So, we continually asserted that every community member is needed, that all have the potential to provide leadership, and that we would try to accommodate anyone who wanted to participate. We described leadership as a part of the community's infrastructure--every bit as important as water and roads--needing constant attention and intention.

Did communities get it? Absolutely.  Evaluation consistently showed an expanded viewpoint on leadership.  This was in part due to the influence of LeadershipPlenty, the curriculum developed by the Pew Partnership for Civic Change that focuses on the "we, not the me".  But it was also forged by coaches that kept helping communities to reach out further and deeper into their communities.  A program goal was to reach 15% of each community during the course of the program. Most blew past that goal within the first few months.

 

The types of small rural communities that participated in Horizons 2003-2010.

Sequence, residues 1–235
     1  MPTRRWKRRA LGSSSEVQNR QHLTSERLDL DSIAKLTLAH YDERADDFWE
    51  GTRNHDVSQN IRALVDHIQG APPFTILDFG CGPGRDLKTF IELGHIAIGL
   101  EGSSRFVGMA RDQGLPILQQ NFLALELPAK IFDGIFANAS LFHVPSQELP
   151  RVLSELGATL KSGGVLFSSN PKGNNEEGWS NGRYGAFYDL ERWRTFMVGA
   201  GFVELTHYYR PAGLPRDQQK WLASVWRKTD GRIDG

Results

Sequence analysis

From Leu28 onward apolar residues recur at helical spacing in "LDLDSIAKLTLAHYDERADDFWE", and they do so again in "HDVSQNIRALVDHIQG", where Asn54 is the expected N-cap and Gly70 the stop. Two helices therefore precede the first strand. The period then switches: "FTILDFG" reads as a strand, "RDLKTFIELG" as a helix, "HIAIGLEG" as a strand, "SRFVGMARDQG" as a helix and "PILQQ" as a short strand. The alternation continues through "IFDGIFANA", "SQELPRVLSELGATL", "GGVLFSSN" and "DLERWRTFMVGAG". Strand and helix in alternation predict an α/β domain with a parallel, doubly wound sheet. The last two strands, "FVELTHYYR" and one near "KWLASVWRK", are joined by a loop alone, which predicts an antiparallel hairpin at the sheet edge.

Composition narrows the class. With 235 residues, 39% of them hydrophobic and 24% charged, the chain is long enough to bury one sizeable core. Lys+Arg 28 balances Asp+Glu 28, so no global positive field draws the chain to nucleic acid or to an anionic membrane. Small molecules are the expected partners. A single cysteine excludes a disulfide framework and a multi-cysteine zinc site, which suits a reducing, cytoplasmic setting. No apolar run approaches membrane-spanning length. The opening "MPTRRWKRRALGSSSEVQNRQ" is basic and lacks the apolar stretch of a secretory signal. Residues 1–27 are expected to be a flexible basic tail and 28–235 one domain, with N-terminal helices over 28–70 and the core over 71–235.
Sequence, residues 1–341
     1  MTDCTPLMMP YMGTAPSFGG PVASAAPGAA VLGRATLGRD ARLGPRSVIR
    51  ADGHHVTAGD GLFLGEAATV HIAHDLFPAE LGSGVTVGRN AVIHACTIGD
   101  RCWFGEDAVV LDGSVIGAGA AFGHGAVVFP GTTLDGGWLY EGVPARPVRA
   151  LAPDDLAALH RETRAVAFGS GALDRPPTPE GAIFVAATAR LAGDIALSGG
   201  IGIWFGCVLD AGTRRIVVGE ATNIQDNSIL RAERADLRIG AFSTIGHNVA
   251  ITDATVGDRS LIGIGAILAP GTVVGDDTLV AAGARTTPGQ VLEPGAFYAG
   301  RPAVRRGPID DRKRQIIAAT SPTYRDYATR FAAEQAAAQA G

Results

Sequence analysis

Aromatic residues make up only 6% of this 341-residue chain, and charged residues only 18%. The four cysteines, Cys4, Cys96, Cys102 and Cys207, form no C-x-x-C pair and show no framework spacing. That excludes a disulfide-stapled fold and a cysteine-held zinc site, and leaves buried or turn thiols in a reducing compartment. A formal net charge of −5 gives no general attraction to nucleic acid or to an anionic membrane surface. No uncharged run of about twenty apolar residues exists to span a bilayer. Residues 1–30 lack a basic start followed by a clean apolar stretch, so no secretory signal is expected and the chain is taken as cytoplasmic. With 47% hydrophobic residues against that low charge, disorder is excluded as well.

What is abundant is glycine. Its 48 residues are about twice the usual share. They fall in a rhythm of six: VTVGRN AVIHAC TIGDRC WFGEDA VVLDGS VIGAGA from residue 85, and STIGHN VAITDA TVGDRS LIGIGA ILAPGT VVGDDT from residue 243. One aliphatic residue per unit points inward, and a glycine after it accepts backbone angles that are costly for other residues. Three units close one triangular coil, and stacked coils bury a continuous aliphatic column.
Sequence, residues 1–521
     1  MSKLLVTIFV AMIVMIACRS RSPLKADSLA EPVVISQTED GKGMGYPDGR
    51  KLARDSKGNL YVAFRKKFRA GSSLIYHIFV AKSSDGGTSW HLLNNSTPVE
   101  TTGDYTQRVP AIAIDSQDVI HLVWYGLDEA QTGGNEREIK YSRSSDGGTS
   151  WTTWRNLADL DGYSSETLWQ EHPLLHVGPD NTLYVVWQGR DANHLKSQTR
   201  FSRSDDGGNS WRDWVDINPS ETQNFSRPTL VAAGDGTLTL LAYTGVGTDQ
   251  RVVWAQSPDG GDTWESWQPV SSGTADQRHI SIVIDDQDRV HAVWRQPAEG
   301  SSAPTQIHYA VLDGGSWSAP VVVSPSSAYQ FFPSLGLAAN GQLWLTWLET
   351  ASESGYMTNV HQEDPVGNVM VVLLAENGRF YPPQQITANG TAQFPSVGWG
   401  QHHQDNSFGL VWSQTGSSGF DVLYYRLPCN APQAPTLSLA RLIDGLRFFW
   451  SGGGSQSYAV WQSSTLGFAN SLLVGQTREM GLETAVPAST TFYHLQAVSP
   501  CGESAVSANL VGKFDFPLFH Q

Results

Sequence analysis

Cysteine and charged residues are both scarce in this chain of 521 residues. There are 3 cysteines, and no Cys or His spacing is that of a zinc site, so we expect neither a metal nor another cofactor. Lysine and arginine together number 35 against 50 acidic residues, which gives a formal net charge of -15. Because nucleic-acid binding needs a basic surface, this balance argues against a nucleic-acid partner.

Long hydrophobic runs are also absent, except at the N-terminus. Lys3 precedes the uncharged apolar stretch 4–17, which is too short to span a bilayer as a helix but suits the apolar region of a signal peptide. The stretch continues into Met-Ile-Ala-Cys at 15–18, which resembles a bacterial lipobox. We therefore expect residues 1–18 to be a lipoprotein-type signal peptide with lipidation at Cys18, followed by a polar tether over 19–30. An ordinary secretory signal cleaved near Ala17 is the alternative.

As I reviewed the questions after the webinar, it seemed that it might be helpful to describe the types of communities that Horizons was designed for. The program has not been tested in urban areas, although components of the program (LeadershipPlenty, Study Circles etc) have been used extensively in urban settings.

Horizons was designed to fit the needs of very small communities unique to the region served by the Northwest Area Foundation: Iowa, Minnesota, North Dakota, South Dakota, Montana, Idaho, Washington and Oregon. More than 3000 communities in those states have populations less than 5000 and many have a poverty rate that exceeds the national average. Because the Northwest Area Foundation (NWAF) was singularly focused on poverty reduction, only communities with at least a 10% poverty rate (using 2000 census figures) were eligible. The poverty of these communities is also compounded by isolation; distance between communities in the plains can easily be 50 miles or more and mountain passes in Idaho and Washington can make distance totally irrelevant! Many communities have been in decline for decades—loss of people and economies and hope. Several generations have never experienced a growth pattern; they have consolidated their school systems, closed their hospitals and watched main streets wither. Yet, they are remarkably resilient-- they remain committed to their place.